Hospital Corpsman Third Class Alison B. Raphael from Montville, N.J., is an X-Ray Technician who arrived onboard in July 2012. Raphael shared that her reasons for becoming a Hospital Corpsman were linked to her medical education background obtained through some years of nursing school. One of her most unforgettable experiences in her naval career was graduating from X-Ray C School.

“I had grown so close with everybody that I went to school with. And we really grew such a gorgeous relationship...When it was time to say goodbye, it was like a bitter-sweet experience for me because these were the closest friends I had built since I've been in the military, especially in such a short period of time. But, obviously, we can’t stay in school forever,” said Raphael. 

Another memorable experience in her career was when she was nominated Blue Jacket of the Year at her previous command in Sicily, Italy. So, what does it take to be a X-Ray Technician? Raphael emphasized that it takes a lot of patience, motivation, being good with patient care, plenty of drive and energy.

Raphael’s future career ambitions are to continue with her x-ray education, plus she plans on opening a private pre-school. Raphael’s advice to Sailors, “Try not to get caught up in an identity crisis. To realize that you don’t have to be two completely separate people inside and outside the uniform. That’s where a lot of people, I feel, get stuck in a rut; they get in trouble because they feel like they have to be perfect in uniform. And then, once they take it off, then they want to kind of revert back to, maybe, old habits. And that’s my biggest advice; just to keep it with you outside of work as well, so that you don’t fall in that identity crisis category,” said Raphael.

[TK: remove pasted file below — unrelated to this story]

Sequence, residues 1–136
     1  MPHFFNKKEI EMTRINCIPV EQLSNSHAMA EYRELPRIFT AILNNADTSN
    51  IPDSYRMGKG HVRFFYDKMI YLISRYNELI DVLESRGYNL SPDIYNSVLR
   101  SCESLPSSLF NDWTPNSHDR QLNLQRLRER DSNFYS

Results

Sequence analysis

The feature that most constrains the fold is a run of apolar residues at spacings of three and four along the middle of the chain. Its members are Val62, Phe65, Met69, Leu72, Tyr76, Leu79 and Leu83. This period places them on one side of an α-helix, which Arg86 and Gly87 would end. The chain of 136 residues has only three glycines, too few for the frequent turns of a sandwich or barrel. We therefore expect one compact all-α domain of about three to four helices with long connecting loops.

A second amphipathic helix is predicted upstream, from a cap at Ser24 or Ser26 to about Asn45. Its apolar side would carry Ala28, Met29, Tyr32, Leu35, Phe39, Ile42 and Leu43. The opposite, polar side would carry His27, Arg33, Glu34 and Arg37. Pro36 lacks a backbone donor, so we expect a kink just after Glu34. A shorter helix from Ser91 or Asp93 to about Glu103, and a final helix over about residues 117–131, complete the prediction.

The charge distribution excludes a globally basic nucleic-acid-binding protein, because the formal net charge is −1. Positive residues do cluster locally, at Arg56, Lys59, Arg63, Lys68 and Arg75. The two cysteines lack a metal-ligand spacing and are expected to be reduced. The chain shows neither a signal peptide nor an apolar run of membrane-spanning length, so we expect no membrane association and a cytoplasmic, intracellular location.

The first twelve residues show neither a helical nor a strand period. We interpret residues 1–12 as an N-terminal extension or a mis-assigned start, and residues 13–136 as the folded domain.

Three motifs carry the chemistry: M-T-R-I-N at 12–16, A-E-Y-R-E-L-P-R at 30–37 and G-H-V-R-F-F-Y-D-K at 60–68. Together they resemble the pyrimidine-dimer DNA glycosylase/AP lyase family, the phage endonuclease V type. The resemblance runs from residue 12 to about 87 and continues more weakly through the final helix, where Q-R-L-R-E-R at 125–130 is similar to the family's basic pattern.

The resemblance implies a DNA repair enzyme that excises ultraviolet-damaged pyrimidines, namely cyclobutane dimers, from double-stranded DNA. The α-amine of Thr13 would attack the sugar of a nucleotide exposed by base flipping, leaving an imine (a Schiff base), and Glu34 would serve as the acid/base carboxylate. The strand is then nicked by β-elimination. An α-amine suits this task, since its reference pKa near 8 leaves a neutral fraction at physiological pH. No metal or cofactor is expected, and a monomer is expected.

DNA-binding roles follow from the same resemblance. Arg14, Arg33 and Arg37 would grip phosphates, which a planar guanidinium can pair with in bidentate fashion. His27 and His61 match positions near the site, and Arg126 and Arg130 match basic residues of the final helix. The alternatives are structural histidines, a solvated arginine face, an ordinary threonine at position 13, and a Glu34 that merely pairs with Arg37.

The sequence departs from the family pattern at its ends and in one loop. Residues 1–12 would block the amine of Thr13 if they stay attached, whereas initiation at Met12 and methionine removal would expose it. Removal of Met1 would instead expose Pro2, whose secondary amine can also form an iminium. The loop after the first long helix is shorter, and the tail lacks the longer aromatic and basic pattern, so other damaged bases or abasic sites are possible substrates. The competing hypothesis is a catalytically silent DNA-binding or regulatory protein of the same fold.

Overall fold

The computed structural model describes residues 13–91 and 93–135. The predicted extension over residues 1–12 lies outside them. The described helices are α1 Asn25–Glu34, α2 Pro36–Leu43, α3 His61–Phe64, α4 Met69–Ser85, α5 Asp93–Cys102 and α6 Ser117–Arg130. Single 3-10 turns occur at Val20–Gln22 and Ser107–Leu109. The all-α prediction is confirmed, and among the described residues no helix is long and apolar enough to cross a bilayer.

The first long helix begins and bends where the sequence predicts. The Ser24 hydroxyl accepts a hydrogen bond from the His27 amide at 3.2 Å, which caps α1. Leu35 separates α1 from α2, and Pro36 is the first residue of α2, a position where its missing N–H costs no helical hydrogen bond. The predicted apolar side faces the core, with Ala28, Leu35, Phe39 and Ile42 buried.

Hospitalman Christopher J. Moran of Las Vegas, Nev. is a Surgical Technologist who arrived on board December 2011. Moran pointed out that his reasons for joining the Hospital Corpsman rate are because he enjoys taking care of people and likes helping them become healthy. Moreover, Moran said a memorable experience throughout his career has been on him noticing that assisting surgeons in the operating room is an opportunity that many people his age do not have in the civilian world. He started assisting surgeons at the age of 19 when most of his friends had just graduated high school or were commencing their college path.  

What does it take to be a Surgical Technologist? Moran believes that it takes dedication, integrity, plenty of studying, and knowing what is right and wrong. One of his future goals is to attend the University of California, Los Angeles (UCLA) to work on his premedical education. His advice to fellow Corpsman highlights the importance of being persistent and not to become discouraged when one has done something wrong. Rather, he emphasizes to use such mistakes as a learning experience.

“I hold the care of the sick and injured to be a privilege and sacred trust...I dedicate my heart, mind, and strength to the work before me. I shall do all within my power to show in myself an example of all that is honorable and good throughout my naval career.” These words, taken from the Corpsman Pledge, constitute what the Hospital Corpsman continuously and traditionally live by. Hospital Corps, thank you for your continuous Honor, Courage, Commitment, Integrity, and Service. Happy 115th Birthday Hospital Corps.